Find out more about the campaign here.

A native of Bhagalpur district – Bihar, Shalini Jha believes in equal rights for all genders and wants to work for a gender-equal and just society. In the past she’s had a year-long association as a community leader with Haiyya: Organise for Action’s Health Over Stigma campaign. She’s pursuing a Master’s in Literature with Ambedkar University, Delhi and as an MHM Fellow with YKA, recently launched ‘Project अल्हड़ (Alharh)’.

She says, “Bihar is ranked the lowest in India’s SDG Index 2019 for India. Hygienic and comfortable menstruation is a basic human right and sustainable development cannot be ensured if menstruators are deprived of their basic rights.” Project अल्हड़ (Alharh) aims to create a robust sensitised community in Bhagalpur to collectively spread awareness, break the taboo, debunk myths and initiate fearless conversations around menstruation. The campaign aims to reach at least 6000 adolescent girls from government and private schools in Baghalpur district in 2020.

Read more about the campaign here.

A psychologist and co-founder of a mental health NGO called Customize Cognition, Ritika forayed into the space of menstrual health and hygiene, sexual and reproductive healthcare and rights and gender equality as an MHM Fellow with YKA. She says, “The experience of working on MHM/SRHR and gender equality has been an enriching and eye-opening experience. I have learned what’s beneath the surface of the issue, be it awareness, lack of resources or disregard for trans men, who also menstruate.”

The Transmen-ses campaign aims to tackle the issue of silence and disregard for trans men’s menstruation needs, by mobilising gender sensitive health professionals and gender neutral restrooms in Lucknow.

Read more about the campaign here.

A Computer Science engineer by education, Nitisha started her career in the corporate sector, before realising she wanted to work in the development and social justice space. Since then, she has worked with Teach For India and Care India and is from the founding batch of Indian School of Development Management (ISDM), a one of its kind organisation creating leaders for the development sector through its experiential learning post graduate program.

As a Youth Ki Awaaz Menstrual Health Fellow, Nitisha has started Let’s Talk Period, a campaign to mobilise young people to switch to sustainable period products. She says, “80 lakh women in Delhi use non-biodegradable sanitary products, generate 3000 tonnes of menstrual waste, that takes 500-800 years to decompose; which in turn contributes to the health issues of all menstruators, increased burden of waste management on the city and harmful living environment for all citizens.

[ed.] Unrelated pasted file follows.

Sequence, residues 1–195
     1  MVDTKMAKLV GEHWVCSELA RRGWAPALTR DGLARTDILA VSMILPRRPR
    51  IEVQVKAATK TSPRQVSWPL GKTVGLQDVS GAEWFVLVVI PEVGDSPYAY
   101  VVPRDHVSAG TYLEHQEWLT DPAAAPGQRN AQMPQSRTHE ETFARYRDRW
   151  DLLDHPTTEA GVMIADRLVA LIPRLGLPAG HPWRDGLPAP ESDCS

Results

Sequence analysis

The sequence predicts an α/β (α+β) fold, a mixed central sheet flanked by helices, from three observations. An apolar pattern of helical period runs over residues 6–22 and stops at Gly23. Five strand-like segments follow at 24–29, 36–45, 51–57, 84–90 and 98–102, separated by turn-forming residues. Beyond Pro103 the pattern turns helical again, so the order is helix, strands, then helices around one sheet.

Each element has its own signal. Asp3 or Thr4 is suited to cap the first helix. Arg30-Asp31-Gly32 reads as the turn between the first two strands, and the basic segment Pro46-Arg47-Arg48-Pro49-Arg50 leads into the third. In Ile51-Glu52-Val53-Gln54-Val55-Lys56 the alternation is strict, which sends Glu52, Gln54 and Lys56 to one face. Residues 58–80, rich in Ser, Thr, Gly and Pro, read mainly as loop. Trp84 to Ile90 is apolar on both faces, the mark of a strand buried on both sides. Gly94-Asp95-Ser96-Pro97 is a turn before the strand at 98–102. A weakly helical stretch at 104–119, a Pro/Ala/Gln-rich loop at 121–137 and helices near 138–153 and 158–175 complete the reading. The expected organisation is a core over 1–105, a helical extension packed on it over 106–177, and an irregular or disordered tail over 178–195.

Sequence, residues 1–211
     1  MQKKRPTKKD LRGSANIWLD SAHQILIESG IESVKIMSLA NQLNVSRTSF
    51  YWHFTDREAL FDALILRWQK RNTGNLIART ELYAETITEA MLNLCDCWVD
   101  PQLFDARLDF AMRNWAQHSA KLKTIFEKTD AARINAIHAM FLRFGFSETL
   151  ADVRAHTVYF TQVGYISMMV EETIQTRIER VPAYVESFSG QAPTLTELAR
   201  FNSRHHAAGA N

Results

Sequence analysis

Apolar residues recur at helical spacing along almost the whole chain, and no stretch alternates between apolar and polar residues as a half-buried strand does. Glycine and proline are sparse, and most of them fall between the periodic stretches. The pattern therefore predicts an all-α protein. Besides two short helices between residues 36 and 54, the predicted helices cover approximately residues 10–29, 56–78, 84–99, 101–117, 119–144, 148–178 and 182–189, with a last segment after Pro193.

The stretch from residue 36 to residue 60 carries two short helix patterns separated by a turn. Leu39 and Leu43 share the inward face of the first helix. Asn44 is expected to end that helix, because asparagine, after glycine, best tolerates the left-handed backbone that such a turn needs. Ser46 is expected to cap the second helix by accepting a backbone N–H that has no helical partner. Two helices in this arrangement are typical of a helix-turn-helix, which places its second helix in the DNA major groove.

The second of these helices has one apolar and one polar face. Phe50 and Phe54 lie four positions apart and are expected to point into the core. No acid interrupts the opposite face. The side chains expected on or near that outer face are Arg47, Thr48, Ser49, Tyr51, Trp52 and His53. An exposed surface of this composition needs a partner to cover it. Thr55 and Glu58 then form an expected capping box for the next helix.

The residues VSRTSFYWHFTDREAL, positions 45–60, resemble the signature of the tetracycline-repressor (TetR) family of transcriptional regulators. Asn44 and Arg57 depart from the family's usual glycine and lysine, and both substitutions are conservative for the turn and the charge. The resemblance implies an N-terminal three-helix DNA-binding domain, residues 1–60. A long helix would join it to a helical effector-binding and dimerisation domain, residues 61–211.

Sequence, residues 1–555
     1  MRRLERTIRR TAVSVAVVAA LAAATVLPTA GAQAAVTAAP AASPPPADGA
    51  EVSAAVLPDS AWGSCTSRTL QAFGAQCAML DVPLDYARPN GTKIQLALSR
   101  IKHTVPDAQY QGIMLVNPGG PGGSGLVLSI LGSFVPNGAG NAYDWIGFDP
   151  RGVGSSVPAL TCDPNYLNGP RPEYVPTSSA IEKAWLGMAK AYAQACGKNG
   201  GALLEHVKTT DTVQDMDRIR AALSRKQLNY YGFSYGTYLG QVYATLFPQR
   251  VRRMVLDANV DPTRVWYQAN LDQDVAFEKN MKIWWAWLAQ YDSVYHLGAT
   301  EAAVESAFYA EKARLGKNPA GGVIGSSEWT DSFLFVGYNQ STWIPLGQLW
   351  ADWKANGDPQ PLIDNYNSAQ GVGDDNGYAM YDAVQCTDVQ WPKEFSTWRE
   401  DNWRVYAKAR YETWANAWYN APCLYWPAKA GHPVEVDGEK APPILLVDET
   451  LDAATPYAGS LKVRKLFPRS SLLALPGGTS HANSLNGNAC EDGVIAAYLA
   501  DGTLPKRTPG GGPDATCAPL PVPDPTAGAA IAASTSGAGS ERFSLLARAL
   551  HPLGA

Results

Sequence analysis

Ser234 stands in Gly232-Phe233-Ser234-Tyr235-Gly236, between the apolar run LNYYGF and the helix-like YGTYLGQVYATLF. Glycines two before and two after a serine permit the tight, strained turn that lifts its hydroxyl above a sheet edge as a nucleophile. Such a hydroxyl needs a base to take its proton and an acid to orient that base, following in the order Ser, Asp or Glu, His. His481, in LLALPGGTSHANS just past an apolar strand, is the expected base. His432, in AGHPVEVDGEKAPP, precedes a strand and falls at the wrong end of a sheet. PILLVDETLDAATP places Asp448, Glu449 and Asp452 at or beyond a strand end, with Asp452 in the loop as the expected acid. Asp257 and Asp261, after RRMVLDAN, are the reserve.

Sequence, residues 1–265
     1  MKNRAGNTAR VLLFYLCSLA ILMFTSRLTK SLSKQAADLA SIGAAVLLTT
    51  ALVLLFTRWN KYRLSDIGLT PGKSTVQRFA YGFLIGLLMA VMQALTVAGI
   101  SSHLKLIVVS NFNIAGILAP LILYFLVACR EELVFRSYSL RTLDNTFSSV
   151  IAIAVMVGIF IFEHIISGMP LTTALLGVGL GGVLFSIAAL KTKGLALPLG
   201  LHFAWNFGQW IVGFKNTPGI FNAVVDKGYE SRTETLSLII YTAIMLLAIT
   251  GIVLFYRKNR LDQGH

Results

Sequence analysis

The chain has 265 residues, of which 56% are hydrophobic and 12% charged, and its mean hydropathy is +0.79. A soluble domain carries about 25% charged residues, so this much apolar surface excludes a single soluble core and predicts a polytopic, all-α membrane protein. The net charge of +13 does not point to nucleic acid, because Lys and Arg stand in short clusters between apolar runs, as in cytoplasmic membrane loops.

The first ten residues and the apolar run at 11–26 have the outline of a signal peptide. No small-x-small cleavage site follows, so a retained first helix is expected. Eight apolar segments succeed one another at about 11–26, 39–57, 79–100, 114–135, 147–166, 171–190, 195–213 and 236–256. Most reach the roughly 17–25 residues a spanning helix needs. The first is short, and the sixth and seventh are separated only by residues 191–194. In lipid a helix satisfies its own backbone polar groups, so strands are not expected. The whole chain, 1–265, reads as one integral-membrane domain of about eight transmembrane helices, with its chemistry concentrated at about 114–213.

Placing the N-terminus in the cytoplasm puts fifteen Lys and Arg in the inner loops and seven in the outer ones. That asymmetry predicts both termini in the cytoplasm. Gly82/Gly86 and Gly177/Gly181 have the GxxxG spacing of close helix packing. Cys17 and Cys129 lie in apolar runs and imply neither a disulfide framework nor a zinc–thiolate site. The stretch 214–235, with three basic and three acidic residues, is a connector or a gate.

Let’s Talk Period aims to change this by

Find out more about her campaign here.

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A former Assistant Secretary with the Ministry of Women and Child Development in West Bengal for three months, Lakshmi Bhavya has been championing the cause of menstrual hygiene in her district. By associating herself with the Lalana Campaign, a holistic menstrual hygiene awareness campaign which is conducted by the Anahat NGO, Lakshmi has been slowly breaking taboos when it comes to periods and menstrual hygiene.

A Gender Rights Activist working with the tribal and marginalized communities in india, Srilekha is a PhD scholar working on understanding body and sexuality among tribal girls, to fill the gaps in research around indigenous women and their stories. Srilekha has worked extensively at the grassroots level with community based organisations, through several advocacy initiatives around Gender, Mental Health, Menstrual Hygiene and Sexual and Reproductive Health Rights (SRHR) for the indigenous in Jharkhand, over the last 6 years.

Srilekha has also contributed to sustainable livelihood projects and legal aid programs for survivors of sex trafficking. She has been conducting research based programs on maternal health, mental health, gender based violence, sex and sexuality. Her interest lies in conducting workshops for young people on life skills, feminism, gender and sexuality, trauma, resilience and interpersonal relationships.

A Guwahati-based college student pursuing her Masters in Tata Institute of Social Sciences, Bidisha started the #BleedwithDignity campaign on the technology platform Change.org, demanding that the Government of Assam install
biodegradable sanitary pad vending machines in all government schools across the state. Her petition on Change.org has already gathered support from over 90000 people and continues to grow.

Bidisha was selected in Change.org’s flagship program ‘She Creates Change’ having run successful online advocacy
campaigns, which were widely recognised. Through the #BleedwithDignity campaign; she organised and celebrated World Menstrual Hygiene Day, 2019 in Guwahati, Assam by hosting a wall mural by collaborating with local organisations. The initiative was widely covered by national and local media, and the mural was later inaugurated by the event’s chief guest Commissioner of Guwahati Municipal Corporation (GMC) Debeswar Malakar, IAS.